Unicorn uses a self-pipe to manage its signal actions. The pipe the master process sets up is this self-pipe, which it will only use internally and not to talk to other processes. It also sets up a queue data structure. After that come the signal handlers. Unicorn catches a lot of signals, as we saw, but each signal handler doesn’t do much. It only pushes the signal’s name into the queue and sends one byte through the self-pipe.

After setting up the signal handlers, spawning worker processes, and so on, the master process goes into its main loop, in which it checks upon the workers regularly and sleeps in between. But it doesn’t just sleep, no, the master process actually goes to sleep by calling select(2) on the self-pipe, with a timeout as argument. This way it can go to sleep but will be woken up as soon as a signal arrived, since the signal handler just send a byte through the pipe, turns it into a readable pipe (from the master’s perspective) and select(2) now returns. After waking up, the master just has to pop off a signal from the queue it set up in the beginning and handle the signals one after another. This is of tremendous value if you consider again that signals are asynchronous and you’ll never know what you’re currently executing when a signal arrives, and that they can be sent multiple times — even if you’re currently executing your signal handler code. Using a queue and a self-pipe in this combination makes handling signals a lot saner and easier.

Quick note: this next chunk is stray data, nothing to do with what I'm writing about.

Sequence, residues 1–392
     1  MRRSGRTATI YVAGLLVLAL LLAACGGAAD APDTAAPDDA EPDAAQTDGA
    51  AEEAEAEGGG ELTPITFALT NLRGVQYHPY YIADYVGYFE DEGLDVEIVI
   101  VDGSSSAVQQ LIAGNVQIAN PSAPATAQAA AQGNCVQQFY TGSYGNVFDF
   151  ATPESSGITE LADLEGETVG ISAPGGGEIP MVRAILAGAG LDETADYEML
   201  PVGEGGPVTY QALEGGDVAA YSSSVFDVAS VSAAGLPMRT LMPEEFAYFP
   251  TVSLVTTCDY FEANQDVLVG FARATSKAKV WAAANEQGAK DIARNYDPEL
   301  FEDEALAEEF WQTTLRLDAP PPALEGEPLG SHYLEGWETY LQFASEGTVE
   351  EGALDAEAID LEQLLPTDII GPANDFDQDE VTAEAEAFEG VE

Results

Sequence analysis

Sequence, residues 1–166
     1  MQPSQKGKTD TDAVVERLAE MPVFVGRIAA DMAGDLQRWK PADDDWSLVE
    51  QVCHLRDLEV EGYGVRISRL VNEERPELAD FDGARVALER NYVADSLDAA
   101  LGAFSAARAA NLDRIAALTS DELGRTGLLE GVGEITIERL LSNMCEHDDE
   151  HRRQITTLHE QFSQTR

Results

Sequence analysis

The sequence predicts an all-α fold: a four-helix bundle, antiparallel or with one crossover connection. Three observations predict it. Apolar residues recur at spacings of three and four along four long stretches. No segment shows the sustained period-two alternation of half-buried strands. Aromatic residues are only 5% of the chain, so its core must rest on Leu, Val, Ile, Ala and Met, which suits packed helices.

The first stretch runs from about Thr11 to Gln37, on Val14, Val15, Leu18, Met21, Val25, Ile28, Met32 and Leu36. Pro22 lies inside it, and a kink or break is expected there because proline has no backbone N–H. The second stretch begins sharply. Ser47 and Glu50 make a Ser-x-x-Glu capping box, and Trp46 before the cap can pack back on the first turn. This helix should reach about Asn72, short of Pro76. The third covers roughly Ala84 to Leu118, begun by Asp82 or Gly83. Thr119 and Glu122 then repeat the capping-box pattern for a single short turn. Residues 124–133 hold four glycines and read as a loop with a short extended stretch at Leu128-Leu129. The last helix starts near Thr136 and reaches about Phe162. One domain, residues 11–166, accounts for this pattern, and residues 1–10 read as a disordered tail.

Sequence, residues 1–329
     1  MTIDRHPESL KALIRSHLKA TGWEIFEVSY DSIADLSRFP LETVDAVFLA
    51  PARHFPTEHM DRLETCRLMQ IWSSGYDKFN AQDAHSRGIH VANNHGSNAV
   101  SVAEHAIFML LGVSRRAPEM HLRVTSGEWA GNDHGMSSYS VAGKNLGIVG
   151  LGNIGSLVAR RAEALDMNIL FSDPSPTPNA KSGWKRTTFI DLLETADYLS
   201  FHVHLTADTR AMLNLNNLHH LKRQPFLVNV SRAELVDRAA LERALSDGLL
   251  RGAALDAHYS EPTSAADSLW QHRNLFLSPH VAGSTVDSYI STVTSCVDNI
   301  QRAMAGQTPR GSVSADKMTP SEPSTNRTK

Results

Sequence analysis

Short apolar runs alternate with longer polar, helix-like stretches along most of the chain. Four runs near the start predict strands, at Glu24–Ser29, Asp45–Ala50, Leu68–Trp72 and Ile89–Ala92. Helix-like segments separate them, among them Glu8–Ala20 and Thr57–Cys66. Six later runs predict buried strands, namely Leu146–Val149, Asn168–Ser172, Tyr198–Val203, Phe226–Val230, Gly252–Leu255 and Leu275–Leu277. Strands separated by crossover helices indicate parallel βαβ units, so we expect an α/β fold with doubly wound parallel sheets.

Worker processes, on the other hand, inherit the master’s signal handlers – again: child processes inherit a lot from their parents. But instead of leaving them as they are, the workers redefine (most of) the signal handlers to be no-ops. They get their signals through the pipe which connects them to the master process. If the master process, for example, receives SIGQUIT it writes the name of the signal to each pipe connected to a worker process to gracefully shut them down. The worker processes call select(2) on this master-worker pipe and the listening sockets, which means that as soon as they finish their work (or don’t have anything to do) they will read the signal name from the pipe and act upon it. This “signal delivery from master to worker via pipe”-mechanism avoids the many problems that can occur if a worker process should receive a signal while currently working of a request.